This chapter describes how to create family business strategic plans that strike the right balance between family and business needs – what is referred to in this chapter and those that follow as "creating family business equilibrium." The chapter deals with both the "technical" issues of strategic planning as well as the family issues. It presents a six step approach for developing the family business strategic plans and provides recommendations for implementing each step. Case examples from family businesses are used to illustrate the implementation and deliverable of each step. This chapter provides a methodology for strategic planning for family businesses of all sizes (not just large companies) to help them become champions. A set of questions included in the book's appendix can be used to assess the extent to which a company has an effective family business strategic planning process.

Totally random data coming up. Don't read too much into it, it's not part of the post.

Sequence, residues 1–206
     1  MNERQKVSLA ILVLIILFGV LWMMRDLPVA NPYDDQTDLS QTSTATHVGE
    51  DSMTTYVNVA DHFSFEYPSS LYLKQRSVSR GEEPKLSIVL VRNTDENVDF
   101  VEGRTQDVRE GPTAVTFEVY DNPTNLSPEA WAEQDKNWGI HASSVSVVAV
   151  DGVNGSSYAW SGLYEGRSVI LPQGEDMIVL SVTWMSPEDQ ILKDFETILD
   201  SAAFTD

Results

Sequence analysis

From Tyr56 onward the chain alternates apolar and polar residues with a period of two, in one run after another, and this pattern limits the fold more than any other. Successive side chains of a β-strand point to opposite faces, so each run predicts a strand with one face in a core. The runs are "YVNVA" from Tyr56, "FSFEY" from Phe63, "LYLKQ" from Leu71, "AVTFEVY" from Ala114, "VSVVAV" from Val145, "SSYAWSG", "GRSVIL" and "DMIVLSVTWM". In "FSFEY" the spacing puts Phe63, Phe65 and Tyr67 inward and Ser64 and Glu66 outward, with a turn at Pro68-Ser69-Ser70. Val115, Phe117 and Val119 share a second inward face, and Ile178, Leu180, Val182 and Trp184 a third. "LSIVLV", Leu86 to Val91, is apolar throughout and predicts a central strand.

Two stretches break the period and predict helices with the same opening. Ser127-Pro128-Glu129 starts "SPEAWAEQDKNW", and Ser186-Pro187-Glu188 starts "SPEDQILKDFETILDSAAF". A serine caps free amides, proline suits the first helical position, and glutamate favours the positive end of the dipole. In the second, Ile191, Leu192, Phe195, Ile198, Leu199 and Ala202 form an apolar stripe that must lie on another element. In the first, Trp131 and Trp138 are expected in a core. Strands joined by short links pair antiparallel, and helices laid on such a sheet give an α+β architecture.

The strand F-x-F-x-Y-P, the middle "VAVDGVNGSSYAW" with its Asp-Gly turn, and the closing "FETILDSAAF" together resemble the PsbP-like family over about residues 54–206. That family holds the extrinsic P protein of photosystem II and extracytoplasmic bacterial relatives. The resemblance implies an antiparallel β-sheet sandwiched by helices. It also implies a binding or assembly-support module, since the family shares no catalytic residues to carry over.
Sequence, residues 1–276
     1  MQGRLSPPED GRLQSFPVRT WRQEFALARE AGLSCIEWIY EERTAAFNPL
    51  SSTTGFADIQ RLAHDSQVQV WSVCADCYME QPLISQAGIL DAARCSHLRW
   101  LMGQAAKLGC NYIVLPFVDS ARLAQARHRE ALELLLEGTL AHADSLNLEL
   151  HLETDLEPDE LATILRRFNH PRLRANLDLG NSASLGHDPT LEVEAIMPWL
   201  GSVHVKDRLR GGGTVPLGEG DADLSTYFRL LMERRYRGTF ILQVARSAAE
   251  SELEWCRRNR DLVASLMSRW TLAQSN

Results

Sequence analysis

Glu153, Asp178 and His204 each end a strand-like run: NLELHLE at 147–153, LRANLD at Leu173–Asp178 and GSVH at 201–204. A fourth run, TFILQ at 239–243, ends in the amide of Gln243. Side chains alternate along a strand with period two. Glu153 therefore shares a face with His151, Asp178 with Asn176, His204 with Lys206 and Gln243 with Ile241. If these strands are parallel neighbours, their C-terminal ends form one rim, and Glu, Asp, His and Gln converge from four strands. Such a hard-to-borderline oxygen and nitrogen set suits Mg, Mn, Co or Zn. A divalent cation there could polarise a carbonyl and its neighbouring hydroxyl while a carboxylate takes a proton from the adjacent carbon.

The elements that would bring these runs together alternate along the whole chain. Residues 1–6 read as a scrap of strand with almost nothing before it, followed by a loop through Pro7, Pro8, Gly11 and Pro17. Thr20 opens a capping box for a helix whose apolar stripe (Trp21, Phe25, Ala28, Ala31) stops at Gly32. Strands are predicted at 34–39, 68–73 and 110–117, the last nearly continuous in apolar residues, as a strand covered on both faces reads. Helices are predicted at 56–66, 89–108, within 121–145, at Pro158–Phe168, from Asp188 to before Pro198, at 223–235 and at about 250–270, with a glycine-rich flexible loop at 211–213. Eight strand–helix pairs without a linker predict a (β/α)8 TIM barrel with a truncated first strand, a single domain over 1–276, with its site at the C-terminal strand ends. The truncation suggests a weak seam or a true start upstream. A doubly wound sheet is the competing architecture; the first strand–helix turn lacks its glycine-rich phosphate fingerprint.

This chapter provides a framework for the design and use of organizational structures in family business. As with planning, there is a need to find the "right" equilibrium – that is, strike the right balance – between the family needs and the business needs when developing and implementing organizational structure in family businesses. The chapter examines some "basics" of and tools for designing and managing structure – including selecting the "best" overall structure and a specific approach to developing effective role descriptions. It then discusses some of the different types of family issues that can undermine effective structure design. A set of questions included in the book's appendix can be used to assess the extent to which family business leaders have developed and are effectively managing their company's structure.